Posted in Military History

Just where did Apollo 11 land?

Today marks the 50th anniversary of the Apollo 11 mission. If you are out admiring the moon tonight and find yourself wondering just where “the Eagle has landed,” look towards the southwest edge of Mare Tranquillitatis — the Sea of Tranquility. More specifically, this map I came across this map today (featured image above, signed by several Apollo crew members) shows us where that is.

My arrow marks the approximate landing site of Apollo 11.

While we are on the subject, a few things you may or may not have known about the Apollo 11 astronauts: Before becoming the first human to set foot on the moon, Neil Armstrong was a Naval aviator, flying 78 combat missions in Korea. On an armed reconnaissance mission southwest of Wonson, a cable (which the North Koreans would string up as booby traps for U.S. pilots) sheared six feet off his wing during a bombing run, causing Armstrong to limp his mortally wounded F9F Panther back to friendly skies in South Korea. The future astronaut bailed out over the water, which it turns out had been mined, but the winds blew him safely into a rice paddy. Continue reading “Just where did Apollo 11 land?”

Posted in Military History

July 16 in military history

1861: Brig. Gen. Irvin McDowell’s 35,000-man army departs Washington, D.C., marching to meet Gen. P.G.T. Beauregard’s Confederate force assembled along Bull Run some 25 miles away. Just weeks ago, McDowell was a major and now leads the largest field army assembled in North America to that point.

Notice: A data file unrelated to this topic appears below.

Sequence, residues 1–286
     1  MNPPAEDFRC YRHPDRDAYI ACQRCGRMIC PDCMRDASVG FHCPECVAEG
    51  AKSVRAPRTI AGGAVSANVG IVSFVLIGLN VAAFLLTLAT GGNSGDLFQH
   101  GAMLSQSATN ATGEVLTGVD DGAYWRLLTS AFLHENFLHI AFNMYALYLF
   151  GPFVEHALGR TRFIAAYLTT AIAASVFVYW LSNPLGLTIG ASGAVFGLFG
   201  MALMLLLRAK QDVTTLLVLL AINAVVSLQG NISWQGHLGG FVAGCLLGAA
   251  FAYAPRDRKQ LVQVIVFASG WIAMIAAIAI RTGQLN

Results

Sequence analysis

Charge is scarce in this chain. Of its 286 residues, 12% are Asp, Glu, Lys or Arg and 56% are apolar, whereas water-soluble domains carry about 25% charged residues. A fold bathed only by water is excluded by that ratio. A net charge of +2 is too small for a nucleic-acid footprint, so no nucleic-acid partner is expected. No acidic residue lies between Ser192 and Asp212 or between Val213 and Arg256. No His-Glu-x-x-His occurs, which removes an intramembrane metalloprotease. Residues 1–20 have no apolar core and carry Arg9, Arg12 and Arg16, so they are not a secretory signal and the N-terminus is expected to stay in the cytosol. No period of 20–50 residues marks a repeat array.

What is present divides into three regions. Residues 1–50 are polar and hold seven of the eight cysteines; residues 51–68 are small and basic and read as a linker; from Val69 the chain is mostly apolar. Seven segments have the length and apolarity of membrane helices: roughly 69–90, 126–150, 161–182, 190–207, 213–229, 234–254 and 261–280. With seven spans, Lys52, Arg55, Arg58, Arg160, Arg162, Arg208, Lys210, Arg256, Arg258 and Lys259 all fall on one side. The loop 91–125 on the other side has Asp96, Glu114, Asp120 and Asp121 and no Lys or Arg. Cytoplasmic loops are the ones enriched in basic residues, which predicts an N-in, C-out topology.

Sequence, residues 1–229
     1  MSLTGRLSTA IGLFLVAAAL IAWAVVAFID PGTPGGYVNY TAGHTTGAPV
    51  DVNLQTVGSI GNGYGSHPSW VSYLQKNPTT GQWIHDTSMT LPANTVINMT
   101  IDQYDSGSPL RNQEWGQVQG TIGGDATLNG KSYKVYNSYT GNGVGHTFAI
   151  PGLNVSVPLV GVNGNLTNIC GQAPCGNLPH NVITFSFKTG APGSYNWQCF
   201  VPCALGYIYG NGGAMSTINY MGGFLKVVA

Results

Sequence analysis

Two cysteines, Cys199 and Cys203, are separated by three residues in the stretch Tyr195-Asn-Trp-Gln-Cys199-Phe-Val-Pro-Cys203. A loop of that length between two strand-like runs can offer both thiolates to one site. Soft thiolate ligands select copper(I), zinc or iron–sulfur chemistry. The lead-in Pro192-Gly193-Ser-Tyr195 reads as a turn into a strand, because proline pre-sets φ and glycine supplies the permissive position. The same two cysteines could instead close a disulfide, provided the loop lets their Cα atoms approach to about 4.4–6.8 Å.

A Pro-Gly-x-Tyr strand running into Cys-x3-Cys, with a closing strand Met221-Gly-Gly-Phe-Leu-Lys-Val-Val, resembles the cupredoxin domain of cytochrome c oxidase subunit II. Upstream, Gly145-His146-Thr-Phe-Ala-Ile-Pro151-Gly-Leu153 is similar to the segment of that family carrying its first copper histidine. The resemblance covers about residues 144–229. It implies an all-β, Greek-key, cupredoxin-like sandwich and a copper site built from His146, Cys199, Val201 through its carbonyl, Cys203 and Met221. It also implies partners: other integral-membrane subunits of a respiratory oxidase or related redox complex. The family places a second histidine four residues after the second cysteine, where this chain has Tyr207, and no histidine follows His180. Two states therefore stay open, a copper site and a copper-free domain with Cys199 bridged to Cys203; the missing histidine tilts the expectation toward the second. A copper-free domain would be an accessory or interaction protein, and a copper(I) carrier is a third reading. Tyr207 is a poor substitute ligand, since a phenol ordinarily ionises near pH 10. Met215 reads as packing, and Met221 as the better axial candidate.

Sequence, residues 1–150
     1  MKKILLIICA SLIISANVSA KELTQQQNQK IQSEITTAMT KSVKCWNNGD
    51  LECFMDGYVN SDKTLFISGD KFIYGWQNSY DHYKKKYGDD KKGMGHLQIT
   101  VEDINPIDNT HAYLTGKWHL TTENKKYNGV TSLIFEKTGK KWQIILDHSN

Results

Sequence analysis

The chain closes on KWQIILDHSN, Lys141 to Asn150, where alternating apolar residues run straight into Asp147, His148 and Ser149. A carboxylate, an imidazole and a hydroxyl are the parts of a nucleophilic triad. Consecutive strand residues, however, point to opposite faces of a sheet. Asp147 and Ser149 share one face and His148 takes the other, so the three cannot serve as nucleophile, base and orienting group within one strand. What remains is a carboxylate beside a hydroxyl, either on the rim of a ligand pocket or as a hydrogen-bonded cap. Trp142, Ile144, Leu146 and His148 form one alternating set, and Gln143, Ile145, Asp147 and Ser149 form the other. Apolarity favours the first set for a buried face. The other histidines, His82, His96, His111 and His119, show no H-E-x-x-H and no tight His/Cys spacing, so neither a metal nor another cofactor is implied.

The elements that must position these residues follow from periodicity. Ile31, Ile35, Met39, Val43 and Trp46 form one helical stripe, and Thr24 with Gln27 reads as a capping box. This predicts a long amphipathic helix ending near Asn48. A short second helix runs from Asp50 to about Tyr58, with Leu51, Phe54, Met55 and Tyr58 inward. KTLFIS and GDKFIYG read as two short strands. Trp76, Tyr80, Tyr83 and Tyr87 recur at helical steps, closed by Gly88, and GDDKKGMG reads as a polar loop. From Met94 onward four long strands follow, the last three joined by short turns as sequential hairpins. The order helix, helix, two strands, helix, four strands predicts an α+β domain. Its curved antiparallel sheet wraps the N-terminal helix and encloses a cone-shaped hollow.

1945: (featured image) The atomic age dawns when man’s first nuclear weapon is tested at Alamogordo Air Base, N.M. (present-day White Sands Missile Range). The shock wave from the 19-kiloton device, nicknamed “Gadget,” could be felt 100 miles away and the mushroom cloud reached over six miles in the air. (note: the above image is taken just 16 milliseconds after detonation. The fireball is already 660 feet high.)

Within hours of the Trinity test, the cruiser USS Indianapolis (CA-35) departs San Francisco on a top-secret mission. The un-escorted cruiser sprints across the Pacific at a record-setting pace, bound for Tinian. On board is the uranium and parts for the “Little Boy” weapon that will level Hiroshima on August 6.

Continue reading “July 16 in military history”